A PLAN to transform rugby pitches into a "volunteers village" for hundreds of visitors to Glasgow during the Commonwealth Games has been blocked after neighbouring residents said they did not want the campsite on their doorstep.

Campingninja, a firm that has been backed by VisitScotland and ran 13 campsites during the London Olympics, had submitted an application to turn the grounds of Glasgow Hutchesons' Aloysians Rugby Club, Giffnock, into a site for up to 600 people in 250 tents who are volunteering, visiting or working in the city as part of the Games.

However, despite East Renfrewshire Council officers recommending the application was granted, four councillors on the authority's planning committee voted against it, with three in favour, after concerns were raised over security, parking issues and the impact on residents.

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A petition registering "dismay" at "600 people camping on our doorstep" and demanding a series of conditions if the application was granted was signed by 57 residents in a single street. Due to the number of formal objections, citing issues, including a loss of privacy, noise and light pollution, the decision was left to councillors rather than officials.

Geoff Vaughan, managing director of Campingninja, which is already taking bookings for two similar sized sites at sports clubs at Pollok Park and Uddingston, said the decision would lead to increased pressure on affordable accommodation during the Commonwealth Games, with even budget hotel chains charging upwards of £250 per night compared to the £18 per night camping fee.

"We have spent many months with the planning department going through this, so it is clearly disappointing", he said. "The next step is to go down the appeal route.

"There are many elements to the application that we believe were clearly misunderstood. There was no amplified music, lighting aimed at residents or power generation. This was about as low impact and green as you can get.

"We do not want volunteers to drop out. This was mainly for people who were giving up two weeks of their time, the majority from elsewhere in Scotland, but also the rest of the UK and the Commonwealth.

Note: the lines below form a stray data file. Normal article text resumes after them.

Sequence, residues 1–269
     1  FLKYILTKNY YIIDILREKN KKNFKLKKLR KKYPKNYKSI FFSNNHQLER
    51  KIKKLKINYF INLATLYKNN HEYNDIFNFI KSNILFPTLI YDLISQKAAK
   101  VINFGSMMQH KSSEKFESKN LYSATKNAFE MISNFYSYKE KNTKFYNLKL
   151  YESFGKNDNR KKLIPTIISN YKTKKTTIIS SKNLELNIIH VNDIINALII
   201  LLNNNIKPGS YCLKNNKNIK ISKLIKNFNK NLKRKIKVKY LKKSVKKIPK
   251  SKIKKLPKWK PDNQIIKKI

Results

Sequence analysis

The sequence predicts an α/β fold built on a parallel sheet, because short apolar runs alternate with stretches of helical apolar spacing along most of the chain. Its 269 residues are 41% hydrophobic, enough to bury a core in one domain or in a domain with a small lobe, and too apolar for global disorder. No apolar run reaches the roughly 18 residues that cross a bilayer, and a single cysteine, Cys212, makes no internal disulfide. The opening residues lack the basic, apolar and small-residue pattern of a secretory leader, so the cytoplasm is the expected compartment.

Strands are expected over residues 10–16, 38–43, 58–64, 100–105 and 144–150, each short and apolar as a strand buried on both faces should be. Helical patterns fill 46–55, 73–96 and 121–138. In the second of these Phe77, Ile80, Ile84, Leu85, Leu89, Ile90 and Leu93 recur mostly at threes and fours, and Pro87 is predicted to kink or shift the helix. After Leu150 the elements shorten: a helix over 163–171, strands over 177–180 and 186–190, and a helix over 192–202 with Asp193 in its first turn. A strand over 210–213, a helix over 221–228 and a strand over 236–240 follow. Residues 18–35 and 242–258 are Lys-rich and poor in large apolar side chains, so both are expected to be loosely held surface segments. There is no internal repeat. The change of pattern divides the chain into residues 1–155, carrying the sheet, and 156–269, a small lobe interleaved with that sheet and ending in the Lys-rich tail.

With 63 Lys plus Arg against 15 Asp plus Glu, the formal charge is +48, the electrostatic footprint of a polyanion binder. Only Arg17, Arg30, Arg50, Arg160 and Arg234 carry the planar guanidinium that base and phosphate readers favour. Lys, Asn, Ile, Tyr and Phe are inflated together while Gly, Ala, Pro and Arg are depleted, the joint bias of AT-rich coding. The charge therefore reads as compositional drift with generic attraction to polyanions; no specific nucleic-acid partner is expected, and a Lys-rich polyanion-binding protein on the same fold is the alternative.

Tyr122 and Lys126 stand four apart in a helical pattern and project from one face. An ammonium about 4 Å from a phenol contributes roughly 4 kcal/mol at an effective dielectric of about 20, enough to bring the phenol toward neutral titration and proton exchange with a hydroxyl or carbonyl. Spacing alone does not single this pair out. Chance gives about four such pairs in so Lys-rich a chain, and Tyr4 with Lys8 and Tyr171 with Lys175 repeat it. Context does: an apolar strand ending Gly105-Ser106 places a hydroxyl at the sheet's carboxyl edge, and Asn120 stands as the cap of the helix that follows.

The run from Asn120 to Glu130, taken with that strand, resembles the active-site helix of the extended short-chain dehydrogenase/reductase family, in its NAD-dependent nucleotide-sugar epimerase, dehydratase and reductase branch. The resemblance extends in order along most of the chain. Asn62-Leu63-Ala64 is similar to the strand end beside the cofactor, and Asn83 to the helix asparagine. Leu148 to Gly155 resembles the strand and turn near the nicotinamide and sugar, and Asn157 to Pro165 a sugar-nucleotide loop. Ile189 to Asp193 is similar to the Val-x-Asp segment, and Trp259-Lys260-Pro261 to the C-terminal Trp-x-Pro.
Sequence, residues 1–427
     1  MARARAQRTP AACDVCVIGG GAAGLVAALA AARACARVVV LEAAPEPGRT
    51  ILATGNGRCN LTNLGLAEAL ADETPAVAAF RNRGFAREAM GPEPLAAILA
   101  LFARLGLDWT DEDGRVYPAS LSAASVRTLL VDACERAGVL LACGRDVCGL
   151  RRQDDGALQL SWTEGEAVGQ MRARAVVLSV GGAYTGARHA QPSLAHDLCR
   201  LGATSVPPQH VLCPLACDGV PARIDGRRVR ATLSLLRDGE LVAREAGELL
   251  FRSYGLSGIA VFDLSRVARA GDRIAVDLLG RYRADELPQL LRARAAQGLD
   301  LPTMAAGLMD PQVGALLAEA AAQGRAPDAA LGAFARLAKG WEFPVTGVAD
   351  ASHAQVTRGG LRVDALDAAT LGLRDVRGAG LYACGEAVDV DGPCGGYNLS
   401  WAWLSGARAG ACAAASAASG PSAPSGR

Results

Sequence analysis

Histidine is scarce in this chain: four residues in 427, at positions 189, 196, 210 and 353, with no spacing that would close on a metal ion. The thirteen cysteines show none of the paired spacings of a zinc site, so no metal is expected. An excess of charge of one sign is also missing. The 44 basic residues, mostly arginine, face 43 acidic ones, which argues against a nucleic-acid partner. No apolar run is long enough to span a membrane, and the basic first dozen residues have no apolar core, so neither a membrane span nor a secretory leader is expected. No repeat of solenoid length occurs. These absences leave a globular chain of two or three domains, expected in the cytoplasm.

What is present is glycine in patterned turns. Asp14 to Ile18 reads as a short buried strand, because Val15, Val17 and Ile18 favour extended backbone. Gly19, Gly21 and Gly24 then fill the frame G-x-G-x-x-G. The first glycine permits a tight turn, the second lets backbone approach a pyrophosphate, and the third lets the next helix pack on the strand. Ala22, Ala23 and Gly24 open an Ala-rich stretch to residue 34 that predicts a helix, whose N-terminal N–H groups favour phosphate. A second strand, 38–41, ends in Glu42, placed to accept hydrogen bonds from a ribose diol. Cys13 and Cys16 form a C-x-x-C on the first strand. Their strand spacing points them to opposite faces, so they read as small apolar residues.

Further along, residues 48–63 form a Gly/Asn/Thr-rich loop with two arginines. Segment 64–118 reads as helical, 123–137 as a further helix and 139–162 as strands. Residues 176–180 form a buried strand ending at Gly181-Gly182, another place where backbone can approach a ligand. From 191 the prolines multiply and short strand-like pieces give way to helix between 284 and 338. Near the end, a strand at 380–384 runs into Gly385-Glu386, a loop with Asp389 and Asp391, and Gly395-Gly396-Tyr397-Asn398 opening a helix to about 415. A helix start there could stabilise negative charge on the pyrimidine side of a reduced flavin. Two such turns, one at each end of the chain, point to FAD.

"Glasgow Hutchesons' Aloysians is a community sports club that could have used the money to invest in things such as youth sports and provide a legacy to the Games. It would have been looking at upwards of £15,000 to £20,000, which is not to be sniffed at for pitches not in use at that time."

The company had submitted plans, supported by Giffnock Community Council, for the formation of a temporary campsite between July 19 and August 9, which would have been situated over two pitches, with campers making use of existing facilities such as showers at the clubhouse.

Papers submitted to councillors on the committee stated tickets had already been sold for the campsite before the application had been determined. However Campingninja said that was not the case.

In its decision notice, the council said the application had been refused because it was "contrary to the development plan", which states there should be no loss of leisure or recreation land in the area.

Stewart Miller, a Conservative member of the committee who voted against the application, said he had initially been enthusiastic about the proposals but became concerned when he learned more of the details.

He said: "This was totally against the development plan and would have set a precedent for anything coming up again. There was something not quite right about it."

A Glasgow 2014 spokeswoman said: "We are working to ensure there is a range of accommo­dation options available to visitors and volunteers offering affordable pricing, excellent hospitality and value for money.

"Glasgow has a wide range of accommodation to suit all tastes and budgets and is also served by an excellent rail network connecting the city to thousands of accommodation options throughout the Central Belt and within 45 minutes or less of the majority of Games venues."